Tuesday, June 27, 2017

13th Sunday in Ordinary Time (Cycle A) July 2, 2017

Sunday, July 2, 2017  Readings  

First Reading: 

4Then come back and close the door on yourself and your children; pour the oil into all the vessels, and as each is filled, set it aside.”5So she went out. She closed the door on herself and her children and, as they handed her the vessels, she would pour in oil.6When all the vessels were filled, she said to her son, “Bring me another vessel.” He answered, “There is none left.” And then the oil stopped.7She went and told the man of God, who said, “Go sell the oil to pay off your creditor; with what remains, you and your children can live.”
8One day Elisha came to Shunem, where there was a woman of influence, who pressed him to dine with her. Afterward, whenever he passed by, he would stop there to dine. (The Shunnamite woman opened her home to him - see Dr. Scott Hahn's reflection below)
11One day Elisha arrived and stayed in the room overnight.
14Later Elisha asked, “What can we do for her?” Gehazi answered, “She has no son, and her husband is old.”15Elisha said, “Call her.” He did so, and when she stood at the door,16Elisha promised, “This time next year you will be cradling a baby son.” She said, “My lord, you are a man of God; do not deceive your servant.”

Responsorial Psalm: 

2     I will sing of your mercy forever, LORD
proclaim your faithfulness through all ages.
3        For I said, “My mercy is established forever;
my faithfulness will stand as long as the heavens.
16Blessed the people who know the war cry,
who walk in the radiance of your face, LORD.
17In your name they sing joyfully all the day;
they rejoice in your righteousness.
18You are their majestic strength;
by your favor our horn is exalted. ( Horn: a concrete noun for an abstract quality; horn is a symbol of strength.) 
19Truly the LORD is our shield,
the Holy One of Israel, our king!

Second  Reading:   

3Or are you unaware that we who were baptized into Christ Jesus were baptized into his death?4We were indeed buried with him through baptism into death, so that, just as Christ was raised from the dead by the glory of the Father, we too might live in newness of life.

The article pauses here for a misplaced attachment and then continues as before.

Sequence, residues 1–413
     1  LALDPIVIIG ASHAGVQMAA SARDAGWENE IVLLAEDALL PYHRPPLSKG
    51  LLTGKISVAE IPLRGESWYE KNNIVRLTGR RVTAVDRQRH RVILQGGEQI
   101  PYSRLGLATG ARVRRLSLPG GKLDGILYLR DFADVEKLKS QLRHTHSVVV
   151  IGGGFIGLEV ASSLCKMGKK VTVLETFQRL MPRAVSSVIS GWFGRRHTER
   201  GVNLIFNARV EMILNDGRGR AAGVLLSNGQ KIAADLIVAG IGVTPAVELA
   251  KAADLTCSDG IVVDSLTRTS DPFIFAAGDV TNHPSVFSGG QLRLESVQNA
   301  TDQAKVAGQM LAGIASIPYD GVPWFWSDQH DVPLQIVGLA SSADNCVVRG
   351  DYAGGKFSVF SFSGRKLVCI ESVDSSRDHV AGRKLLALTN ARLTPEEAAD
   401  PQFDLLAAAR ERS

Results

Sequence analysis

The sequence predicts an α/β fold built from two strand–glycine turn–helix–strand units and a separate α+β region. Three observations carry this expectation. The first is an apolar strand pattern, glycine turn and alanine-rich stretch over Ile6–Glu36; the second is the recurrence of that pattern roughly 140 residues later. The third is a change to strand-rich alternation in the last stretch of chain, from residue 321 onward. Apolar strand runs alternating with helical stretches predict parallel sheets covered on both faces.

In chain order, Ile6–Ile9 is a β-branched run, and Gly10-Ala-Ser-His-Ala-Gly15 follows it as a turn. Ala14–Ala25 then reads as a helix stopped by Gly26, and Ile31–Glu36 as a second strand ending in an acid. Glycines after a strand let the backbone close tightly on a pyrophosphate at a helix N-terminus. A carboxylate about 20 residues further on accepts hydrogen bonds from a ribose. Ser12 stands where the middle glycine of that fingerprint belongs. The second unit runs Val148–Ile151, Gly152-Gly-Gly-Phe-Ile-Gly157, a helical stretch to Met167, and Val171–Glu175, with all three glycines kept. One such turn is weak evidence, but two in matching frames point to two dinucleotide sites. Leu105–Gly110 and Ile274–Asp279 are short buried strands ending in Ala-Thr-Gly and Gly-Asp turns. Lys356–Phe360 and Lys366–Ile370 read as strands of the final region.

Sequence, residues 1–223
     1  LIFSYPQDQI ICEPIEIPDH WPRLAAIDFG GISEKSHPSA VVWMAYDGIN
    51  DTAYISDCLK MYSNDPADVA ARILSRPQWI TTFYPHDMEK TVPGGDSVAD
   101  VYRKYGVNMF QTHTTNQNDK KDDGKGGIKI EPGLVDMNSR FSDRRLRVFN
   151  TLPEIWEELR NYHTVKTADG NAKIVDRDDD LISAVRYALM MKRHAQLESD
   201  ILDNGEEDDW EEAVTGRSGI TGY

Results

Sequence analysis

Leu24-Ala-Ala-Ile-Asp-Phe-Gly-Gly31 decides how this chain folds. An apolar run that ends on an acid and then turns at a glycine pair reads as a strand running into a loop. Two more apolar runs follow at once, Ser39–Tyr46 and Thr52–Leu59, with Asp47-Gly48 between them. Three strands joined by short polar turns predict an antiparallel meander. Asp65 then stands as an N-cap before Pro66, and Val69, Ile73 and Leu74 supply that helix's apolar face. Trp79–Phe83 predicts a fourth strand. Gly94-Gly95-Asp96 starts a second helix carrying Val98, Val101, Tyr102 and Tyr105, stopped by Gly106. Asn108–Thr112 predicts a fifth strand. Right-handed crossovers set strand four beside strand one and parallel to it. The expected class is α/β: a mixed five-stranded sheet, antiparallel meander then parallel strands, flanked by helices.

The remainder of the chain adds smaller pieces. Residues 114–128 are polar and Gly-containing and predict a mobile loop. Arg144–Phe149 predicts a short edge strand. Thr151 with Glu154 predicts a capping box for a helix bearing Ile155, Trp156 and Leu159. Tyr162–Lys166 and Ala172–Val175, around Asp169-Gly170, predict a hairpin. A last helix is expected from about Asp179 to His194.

8If, then, we have died with Christ, we believe that we shall also live with him.9We know that Christ, raised from the dead, dies no more; death no longer has power over him.10As to his death, he died to sin once and for all; as to his life, he lives for God.11Consequently, you too must think of yourselves as [being] dead to sin and living for God in Christ Jesus.


37“Whoever loves father or mother more than me is not worthy of me, and whoever loves son or daughter more than me is not worthy of me;
38and whoever does not take up his cross and follow after me is not worthy of me.39Whoever finds his life will lose it, and whoever loses his life for my sake will find it.
Rewards40“Whoever receives you receives me, and whoever receives me receives the one who sent me.41 Whoever receives a prophet because he is a prophet will receive a prophet’s reward, and whoever receives a righteous man because he is righteous will receive a righteous man’s reward.42And whoever gives only a cup of cold water to one of these little ones to drink because he is a disciple—amen, I say to you, he will surely not lose his reward.”

Matthew 10:37-42
 Jesus explains the difficulties of discipleship, yet reveals 
that those who welcome the disciples have also welcomed him.  (Loyal Press)

Scott Hahn's Reflection (edited for length)
The Liturgy this week continues to instruct us in the elements of discipleship. We’re told that even the most humble among us have a share in the mission Christ gives to His Church.
At Baptism our lives were joined forever to the cross of Christ, as Paul tells us in today’s Epistle. Baptized into His death, we’re to renounce sin and live for God in Christ Jesus.
We are to follow Him, each of us taking up our personal cross, as Jesus says in today’s Gospel. That doesn’t mean we will all be asked to suffer a martyr’s death. But each of us is called to self-denial, to the offering of our lives in service of God’s plan.
Jesus must be elevated to first place in our lives—above even our closest bonds of kinship and love. By Baptism, we’ve been made part of a new family—the kingdom of God, the Church. We are to proclaim that kingdom with our lives, bringing our fathers and mothers, and all men and women to live as “little ones” under the fatherhood of God and the kingship of the Holy One.